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This article deals with the experimental production of lesions in animals. For details of effects in humans see Brain lesions in humans

Brain lesions are experimental lesions produced in animals for the purpose of studying brain function.


DuVerney was the first to use experimental ablation method on animals in 1679. Flourens first published the method in 1824, describing the method and behavioral effect of brain damage.

Lesions done by knife cuts and suction techniques, called mechanical lesions, were tried by Veyssiere and Nothnagel in 1874. This process was done by inserting a fine wire blade through the head, rotating the curved or angled wire, and cutting neural projection. Baginski and Lehmann used this method with thin glass tube lowered through a small hole in the skull in 1886.

In 1895, Golsinger was the first to make electrolytic lesions in animals. In 1898, Sellier and Verger destroyed discrete areas in the caudate and anterior segment of internal capsule by passing current through double-needle insulated electrodes. This process kills neurons surrounding the electrodes.

In 1908, Horsley and Clark developed the stereotaxic method and combined it with electrolytic lesions to improve localization, precision, and reliability of brain damage in subcortical structures.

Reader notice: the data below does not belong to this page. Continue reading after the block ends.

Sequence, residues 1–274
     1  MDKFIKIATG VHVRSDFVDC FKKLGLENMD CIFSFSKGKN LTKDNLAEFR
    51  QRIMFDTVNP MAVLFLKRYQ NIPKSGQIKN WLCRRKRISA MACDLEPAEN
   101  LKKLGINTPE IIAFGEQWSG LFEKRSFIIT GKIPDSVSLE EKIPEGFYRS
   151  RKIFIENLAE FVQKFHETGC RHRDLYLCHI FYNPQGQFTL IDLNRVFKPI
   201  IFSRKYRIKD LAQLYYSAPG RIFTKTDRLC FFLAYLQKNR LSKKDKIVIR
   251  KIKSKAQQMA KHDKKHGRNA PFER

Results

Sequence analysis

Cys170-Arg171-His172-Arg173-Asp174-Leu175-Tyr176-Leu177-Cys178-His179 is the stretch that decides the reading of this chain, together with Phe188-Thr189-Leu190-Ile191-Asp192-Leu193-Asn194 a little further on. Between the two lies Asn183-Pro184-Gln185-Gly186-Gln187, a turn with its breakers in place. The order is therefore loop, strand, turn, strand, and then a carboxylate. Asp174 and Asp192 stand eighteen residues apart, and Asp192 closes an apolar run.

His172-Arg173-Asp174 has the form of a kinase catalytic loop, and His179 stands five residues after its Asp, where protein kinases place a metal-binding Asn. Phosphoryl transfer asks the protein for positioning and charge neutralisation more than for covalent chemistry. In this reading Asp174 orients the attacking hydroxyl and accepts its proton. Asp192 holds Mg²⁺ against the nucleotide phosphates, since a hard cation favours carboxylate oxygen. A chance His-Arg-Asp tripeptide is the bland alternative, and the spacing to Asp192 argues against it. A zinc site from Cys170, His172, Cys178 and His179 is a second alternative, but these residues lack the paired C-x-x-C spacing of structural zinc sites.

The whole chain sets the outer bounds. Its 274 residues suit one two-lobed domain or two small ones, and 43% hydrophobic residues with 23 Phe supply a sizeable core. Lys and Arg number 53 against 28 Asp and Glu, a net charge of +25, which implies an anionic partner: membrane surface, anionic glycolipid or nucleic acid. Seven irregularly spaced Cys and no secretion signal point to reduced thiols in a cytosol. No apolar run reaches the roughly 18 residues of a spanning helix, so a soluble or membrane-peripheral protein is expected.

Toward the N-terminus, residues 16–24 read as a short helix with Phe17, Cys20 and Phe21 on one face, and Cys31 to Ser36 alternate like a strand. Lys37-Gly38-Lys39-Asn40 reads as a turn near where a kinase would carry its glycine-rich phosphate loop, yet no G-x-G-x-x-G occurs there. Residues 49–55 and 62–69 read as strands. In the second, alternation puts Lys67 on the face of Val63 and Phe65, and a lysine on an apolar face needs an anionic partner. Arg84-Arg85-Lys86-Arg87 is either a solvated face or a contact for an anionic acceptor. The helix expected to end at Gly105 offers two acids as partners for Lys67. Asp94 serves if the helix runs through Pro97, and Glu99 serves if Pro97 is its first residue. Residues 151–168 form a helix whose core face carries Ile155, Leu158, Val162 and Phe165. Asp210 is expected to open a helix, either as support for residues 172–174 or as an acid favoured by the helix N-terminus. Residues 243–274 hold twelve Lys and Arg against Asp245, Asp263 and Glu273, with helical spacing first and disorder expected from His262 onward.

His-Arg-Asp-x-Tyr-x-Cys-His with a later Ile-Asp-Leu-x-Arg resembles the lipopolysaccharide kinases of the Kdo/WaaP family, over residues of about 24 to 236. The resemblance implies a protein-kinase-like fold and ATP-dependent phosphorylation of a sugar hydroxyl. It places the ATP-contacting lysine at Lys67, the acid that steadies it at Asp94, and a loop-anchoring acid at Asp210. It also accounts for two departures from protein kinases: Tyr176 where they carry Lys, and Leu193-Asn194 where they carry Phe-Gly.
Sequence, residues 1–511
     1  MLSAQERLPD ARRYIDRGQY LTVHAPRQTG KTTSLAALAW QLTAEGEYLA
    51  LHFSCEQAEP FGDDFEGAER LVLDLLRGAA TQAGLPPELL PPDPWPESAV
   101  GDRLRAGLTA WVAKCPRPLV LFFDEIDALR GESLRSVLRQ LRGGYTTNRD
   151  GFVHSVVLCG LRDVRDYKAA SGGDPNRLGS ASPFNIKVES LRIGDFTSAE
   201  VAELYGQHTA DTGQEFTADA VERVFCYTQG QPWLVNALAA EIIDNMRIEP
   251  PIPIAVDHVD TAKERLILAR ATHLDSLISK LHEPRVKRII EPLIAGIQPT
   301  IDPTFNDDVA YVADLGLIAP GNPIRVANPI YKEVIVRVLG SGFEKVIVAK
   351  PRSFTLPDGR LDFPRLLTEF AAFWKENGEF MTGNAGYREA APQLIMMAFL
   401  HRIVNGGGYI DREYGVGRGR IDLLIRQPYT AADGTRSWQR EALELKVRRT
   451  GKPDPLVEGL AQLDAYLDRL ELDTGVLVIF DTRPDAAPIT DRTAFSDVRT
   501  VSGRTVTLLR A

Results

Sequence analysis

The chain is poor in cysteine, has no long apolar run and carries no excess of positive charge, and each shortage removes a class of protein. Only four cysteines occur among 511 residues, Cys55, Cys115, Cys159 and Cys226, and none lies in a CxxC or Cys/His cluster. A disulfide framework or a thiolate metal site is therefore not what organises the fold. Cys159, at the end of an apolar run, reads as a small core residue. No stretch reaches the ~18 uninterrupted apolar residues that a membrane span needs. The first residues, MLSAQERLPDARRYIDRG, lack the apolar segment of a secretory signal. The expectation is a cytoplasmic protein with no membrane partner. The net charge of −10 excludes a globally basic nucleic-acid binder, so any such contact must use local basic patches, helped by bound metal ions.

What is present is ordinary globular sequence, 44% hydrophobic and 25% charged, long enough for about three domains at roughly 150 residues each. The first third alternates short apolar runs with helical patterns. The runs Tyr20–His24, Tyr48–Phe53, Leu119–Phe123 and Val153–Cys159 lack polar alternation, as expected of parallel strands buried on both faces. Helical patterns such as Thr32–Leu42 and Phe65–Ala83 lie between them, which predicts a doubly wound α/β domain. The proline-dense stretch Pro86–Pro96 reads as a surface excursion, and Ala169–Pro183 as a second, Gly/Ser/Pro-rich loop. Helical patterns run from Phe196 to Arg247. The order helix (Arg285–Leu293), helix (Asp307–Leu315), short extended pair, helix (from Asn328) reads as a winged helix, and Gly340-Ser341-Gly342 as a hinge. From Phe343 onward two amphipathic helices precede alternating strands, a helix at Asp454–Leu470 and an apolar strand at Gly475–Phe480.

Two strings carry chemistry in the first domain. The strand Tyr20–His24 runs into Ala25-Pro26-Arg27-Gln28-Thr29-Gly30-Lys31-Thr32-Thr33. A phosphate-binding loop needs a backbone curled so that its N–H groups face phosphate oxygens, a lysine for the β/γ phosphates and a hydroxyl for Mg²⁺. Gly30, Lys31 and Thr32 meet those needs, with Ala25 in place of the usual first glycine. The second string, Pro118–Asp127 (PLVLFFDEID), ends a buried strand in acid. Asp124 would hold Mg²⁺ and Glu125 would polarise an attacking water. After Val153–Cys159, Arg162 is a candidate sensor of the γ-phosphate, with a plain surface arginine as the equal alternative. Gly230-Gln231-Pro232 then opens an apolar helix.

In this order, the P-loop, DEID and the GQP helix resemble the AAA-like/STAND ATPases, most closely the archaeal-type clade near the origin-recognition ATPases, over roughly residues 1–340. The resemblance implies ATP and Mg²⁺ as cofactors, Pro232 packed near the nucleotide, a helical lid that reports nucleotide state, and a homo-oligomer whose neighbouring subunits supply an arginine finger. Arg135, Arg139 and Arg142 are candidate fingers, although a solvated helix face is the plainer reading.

In the 1940s to 1950s, Lobotomy was a popular procedure for curing various psychological conditions which relied on lesioning the frontal lobes.

Using animal subjects gives researchers the ability to lesion specific areas in the subjects, allowing them to quickly acquire a large group of subjects. An example of such a study is the lesioning of rat hippocampi to establish the role of the hippocampus in object recognition and object recency.[1]

See also


  1. Albasser, Amin, Lin, Iordanova, Aggelton. Evidence That the Rat Hippocampus Has Contrasting Roles in Object Recognition Memory and Object Recency Memory